Superstition generator

17th century painting of Stockholm, depicting an ominous ‘sun dog’ event in 1535.

This simple generator is a slightly tweaked version of the ‘Superstition Generator’ from Johnn Four’s Role Playing Tips newsletter #356. As this is a direct conversion, there are no options to select from. Just click the button to get the latest rumor from the superstition front.



It is not possible to specify subtables for generators embedded in the blog, but the source data for this generator is available in the GitHub repository. You can copy and paste the .json file contents into the Generator Service text box and start experimenting with the generator. Subtables can be specified in the resultPattern string.

If you are already using Campaign Logger, open one of your campaign logs, click the cogwheel-shaped Options button, select Manage Custom Generators, then Add new generator… and paste the generator data in the text box. After you save the generator, click the Show Generators button in your campaign log to access the new generator.

Friends & Relatives

Raphael: “Self-portrait with a friend” (1519)

Characters need friends and contacts both to ask help from and to rescue from whatever predicament the game master has whipped up this time.

This generator creates one line descriptions of family, relatives, neighbors and acquaintances for just such occasions.


The button calls for the {lib:friend#detail} version of the generator, which adds to the relation either a habit, personality, complication or goal (or a combination of those) to make th person feel more memorable.


It is not possible to specify subtables for generators embedded in the blog, but the source data for this generator is available in the GitHub repository. You can copy and paste the .json file contents into the Generator Service text box and start experimenting with the generator. Subtables can be specified in the resultPattern string.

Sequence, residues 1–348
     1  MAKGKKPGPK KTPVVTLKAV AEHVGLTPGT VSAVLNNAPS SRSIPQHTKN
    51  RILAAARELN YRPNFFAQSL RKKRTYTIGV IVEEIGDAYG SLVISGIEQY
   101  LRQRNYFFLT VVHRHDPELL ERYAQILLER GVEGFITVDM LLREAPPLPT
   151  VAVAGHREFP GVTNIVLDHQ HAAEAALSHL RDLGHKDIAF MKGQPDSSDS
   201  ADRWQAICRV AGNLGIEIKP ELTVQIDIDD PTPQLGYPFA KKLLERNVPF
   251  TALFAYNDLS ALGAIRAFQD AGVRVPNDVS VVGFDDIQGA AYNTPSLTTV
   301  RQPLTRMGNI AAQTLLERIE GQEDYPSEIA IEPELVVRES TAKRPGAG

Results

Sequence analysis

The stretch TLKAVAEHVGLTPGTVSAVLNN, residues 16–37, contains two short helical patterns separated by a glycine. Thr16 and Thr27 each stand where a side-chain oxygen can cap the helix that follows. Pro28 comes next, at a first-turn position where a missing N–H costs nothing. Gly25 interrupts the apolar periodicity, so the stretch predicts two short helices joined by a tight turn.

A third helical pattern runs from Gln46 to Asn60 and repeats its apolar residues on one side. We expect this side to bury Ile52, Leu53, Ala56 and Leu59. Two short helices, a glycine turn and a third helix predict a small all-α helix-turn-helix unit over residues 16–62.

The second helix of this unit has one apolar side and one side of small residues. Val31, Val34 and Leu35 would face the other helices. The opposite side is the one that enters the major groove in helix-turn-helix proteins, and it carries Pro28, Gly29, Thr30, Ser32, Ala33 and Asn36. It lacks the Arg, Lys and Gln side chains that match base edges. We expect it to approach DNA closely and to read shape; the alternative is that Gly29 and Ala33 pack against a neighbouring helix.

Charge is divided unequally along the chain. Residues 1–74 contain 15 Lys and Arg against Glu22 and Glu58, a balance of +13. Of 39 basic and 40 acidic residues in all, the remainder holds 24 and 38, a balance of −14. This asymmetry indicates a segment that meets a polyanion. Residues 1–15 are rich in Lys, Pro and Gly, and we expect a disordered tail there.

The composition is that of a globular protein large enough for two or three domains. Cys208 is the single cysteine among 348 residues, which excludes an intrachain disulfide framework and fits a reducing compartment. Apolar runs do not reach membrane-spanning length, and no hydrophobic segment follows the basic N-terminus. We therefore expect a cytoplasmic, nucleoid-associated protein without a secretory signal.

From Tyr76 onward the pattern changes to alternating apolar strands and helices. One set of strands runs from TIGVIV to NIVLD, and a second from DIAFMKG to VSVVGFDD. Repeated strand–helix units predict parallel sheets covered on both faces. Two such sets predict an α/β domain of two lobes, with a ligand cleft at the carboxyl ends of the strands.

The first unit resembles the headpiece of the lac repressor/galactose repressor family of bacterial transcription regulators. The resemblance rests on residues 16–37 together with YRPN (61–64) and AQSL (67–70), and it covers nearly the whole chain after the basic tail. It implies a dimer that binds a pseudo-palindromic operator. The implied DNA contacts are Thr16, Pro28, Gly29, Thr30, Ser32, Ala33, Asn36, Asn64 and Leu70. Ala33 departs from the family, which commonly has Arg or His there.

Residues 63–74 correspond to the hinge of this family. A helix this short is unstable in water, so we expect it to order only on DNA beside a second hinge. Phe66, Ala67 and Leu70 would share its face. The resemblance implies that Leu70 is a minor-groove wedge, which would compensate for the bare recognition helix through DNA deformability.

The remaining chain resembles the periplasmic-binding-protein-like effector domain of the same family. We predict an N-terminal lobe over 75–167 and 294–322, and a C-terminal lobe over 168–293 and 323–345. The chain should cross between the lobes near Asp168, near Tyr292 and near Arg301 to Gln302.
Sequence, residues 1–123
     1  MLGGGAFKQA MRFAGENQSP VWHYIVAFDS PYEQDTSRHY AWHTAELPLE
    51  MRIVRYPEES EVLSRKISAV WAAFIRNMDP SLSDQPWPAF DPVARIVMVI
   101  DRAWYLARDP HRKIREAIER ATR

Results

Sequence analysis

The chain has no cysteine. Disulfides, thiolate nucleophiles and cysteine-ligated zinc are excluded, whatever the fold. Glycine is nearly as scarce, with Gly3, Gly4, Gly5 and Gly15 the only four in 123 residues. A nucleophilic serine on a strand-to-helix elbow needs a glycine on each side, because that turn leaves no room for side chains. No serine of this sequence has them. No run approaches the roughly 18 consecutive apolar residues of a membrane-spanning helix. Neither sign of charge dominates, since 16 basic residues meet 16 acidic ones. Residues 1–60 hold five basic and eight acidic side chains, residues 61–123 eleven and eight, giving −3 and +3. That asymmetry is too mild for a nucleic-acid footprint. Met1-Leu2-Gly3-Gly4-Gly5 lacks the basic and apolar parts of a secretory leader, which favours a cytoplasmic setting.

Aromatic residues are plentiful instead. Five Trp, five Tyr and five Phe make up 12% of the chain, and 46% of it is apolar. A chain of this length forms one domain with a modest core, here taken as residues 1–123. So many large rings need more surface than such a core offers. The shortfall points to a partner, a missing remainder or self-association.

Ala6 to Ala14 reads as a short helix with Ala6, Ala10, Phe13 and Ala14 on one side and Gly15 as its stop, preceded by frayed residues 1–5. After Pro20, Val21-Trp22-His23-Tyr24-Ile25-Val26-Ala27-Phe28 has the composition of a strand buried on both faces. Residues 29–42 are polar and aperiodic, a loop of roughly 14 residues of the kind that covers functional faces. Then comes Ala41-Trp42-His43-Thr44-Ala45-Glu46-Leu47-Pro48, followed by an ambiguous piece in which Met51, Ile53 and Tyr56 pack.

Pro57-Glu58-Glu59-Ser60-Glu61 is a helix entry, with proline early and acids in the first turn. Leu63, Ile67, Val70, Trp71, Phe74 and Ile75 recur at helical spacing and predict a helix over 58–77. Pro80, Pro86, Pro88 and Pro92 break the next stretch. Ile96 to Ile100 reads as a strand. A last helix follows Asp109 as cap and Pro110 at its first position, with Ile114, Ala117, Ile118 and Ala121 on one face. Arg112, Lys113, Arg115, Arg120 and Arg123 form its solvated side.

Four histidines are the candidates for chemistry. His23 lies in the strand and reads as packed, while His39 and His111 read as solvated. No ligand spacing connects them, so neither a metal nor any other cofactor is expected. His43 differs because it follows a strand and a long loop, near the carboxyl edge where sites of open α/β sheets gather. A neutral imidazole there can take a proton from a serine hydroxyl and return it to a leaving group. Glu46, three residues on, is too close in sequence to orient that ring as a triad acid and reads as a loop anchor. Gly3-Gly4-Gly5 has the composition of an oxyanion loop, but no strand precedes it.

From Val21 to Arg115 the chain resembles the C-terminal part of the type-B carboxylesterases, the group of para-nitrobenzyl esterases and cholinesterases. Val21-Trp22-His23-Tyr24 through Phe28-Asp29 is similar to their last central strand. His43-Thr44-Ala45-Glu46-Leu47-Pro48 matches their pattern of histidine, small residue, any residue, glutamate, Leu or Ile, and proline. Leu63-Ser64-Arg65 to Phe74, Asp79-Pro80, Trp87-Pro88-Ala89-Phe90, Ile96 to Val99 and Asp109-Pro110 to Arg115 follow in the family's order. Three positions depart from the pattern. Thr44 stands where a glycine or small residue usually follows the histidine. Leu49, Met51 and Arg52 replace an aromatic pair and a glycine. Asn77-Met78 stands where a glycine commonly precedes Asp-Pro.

If you are already using Campaign Logger, open one of your campaign logs, click the cogwheel-shaped Options button, select Manage Custom Generators, then Add new generator… and paste the generator data in the text box. After you save the generator, click the Show Generators button in your campaign log to access the new generator.

Random Meal

The well-stocked kitchen, with Jesus in the house of Martha and Mary in the background.
Joachim Beuckelaer: “The well-stocked kitchen” (1566)

To complement the Random Drinks table, here is something to go with the brew.

The summary subtable lists the recipe and the main ingredients (when appropriate):


The detail subtable contains information also about the finishing and/or the general appearance of the meal:


Bon Appétit!


It is not possible to specify subtables for generators embedded in the blog, but the source data for this generator is available in the GitHub repository. You can copy and paste the .json file contents into the Generator Service text box and start experimenting with the generator. Subtables can be specified in the resultPattern string.

If you are already using Campaign Logger, open one of your campaign logs, click the cogwheel-shaped Options button, select Manage Custom Generators, then Add new generator… and paste the generator data in the text box. After you save the generator, click the Show Generators button in your campaign log to access the new generator.

Random Drinks

A monk tasting wine from a barrel whilst filling a jug.
From “Li Livres dou Santé” by Aldobrandino of Siena (late 13th century)

This table produces beverages that are compatible with most worlds, from medieval to futuristic time periods.

Calling the {lib:drink#summary} subtable produces just the name of the drink:


Calling {lib:drink#detail} produces more details of the scent, taste or structure of the drink:


Tavern patrons should be warned, though: the range is wide, from foul concoctions to sweetest nectars.


It is not possible to specify subtables for generators embedded in the blog, but the source data for this generator is available in the GitHub repository. You can copy and paste the .json file contents into the Generator Service text box and start experimenting with the generator. Subtables can be specified in the resultPattern string.

If you are already using Campaign Logger, open one of your campaign logs, click the cogwheel-shaped Options button, select Manage Custom Generators, then Add new generator… and paste the generator data in the text box. After you save the generator, click the Show Generators button in your campaign log to access the new generator.

One-Line Location Description

Medieval Town by Water
Karl Eduard Biermann: “Cathedral Towering over a Town” (c. 1830)

This generator is quite a simple affair. It produces one-line descriptions of locations in various terrains – with variations and complications.


The result string can have four different forms:

  • just the location name
  • a descriptive adjective + the location name
  • location name with a complication
  • a descriptive adjective + the location name + a complication

Even this limited amount of variation can create an impression of a wide range of results – which is nice, as the generator is still a work in progress and could feature a much wider selection of different types of locations.

I plan to return to expand this table from time to time, as this is a fun table to work with in small increments.